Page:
My first instinct was to remind them that they speak in front of each other every day. To try to get them to understand how important and applicable public speaking was going to be once they left their little world of high school. I knew I could talk until I was blue in the face on the importance of learning to speak well, and the fact that it was okay to mess up a little, and they wouldn’t look or sound as bad as they had it made out in their heads, but none of the encouraging talk from me was going to be as good as showing them.

The other teachers and I put our heads together and decided on a plan of action. We would show the students a video on someone who was a terrible public speaker. It had to be someone they could relate to, a young star that most would recognize, that some would like. And it hit us: Kristen Stewart. Because she’s awful. Just seriously awful. Really.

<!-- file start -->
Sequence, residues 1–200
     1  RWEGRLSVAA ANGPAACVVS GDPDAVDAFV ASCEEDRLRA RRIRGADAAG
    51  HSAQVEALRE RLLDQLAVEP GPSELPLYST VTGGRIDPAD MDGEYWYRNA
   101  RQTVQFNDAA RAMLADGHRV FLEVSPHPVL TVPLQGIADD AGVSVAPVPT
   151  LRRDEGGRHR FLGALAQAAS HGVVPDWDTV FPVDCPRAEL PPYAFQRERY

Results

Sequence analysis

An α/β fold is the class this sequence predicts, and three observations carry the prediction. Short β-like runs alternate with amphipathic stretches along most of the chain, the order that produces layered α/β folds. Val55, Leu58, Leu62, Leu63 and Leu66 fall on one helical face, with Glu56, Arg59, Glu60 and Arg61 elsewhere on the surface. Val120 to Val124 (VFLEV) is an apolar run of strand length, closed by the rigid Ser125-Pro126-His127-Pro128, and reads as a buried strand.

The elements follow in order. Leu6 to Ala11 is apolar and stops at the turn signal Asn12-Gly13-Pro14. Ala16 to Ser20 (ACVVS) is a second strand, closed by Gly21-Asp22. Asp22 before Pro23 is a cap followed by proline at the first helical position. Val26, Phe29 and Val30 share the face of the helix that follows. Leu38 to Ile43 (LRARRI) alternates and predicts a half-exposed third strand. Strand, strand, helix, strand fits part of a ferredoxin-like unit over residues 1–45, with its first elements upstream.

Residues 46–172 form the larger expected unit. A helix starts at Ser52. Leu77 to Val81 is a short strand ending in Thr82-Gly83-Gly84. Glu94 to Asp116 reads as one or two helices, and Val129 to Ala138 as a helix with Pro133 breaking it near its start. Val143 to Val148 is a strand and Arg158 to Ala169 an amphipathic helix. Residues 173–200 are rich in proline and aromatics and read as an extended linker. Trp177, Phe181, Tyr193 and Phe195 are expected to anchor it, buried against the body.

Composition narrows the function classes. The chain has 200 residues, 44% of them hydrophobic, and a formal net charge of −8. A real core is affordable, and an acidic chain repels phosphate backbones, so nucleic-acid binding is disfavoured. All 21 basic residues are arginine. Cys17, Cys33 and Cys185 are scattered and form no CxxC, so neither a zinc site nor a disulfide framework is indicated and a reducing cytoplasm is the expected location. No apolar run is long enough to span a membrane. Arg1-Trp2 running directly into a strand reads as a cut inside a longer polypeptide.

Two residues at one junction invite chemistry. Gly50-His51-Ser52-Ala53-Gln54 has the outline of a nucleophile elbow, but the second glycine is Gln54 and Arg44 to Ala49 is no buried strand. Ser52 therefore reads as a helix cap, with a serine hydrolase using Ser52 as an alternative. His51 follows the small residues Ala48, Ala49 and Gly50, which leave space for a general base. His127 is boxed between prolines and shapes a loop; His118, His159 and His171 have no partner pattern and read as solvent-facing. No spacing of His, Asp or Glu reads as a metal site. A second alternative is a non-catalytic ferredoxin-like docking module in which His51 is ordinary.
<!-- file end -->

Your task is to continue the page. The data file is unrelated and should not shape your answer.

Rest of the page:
So, we found this awesome article (with great video examples!) to present to the class in powerpoint form:

And turned it into this awesome powerpoint: Kristen Stewart – Public Speaking (1) (Yes, we sited the article and told the kids to make sure they were not plagiarizing and that we didn’t plagiarize, etc.)

And told our students that they couldn’t possibly be any more embarrassing than that. The students loved it, and it actually made sense to them. Their selected fear of the tongue seems to alleviated for now, and I feel like a successful teacher for the day.

Until next time,



The change starts now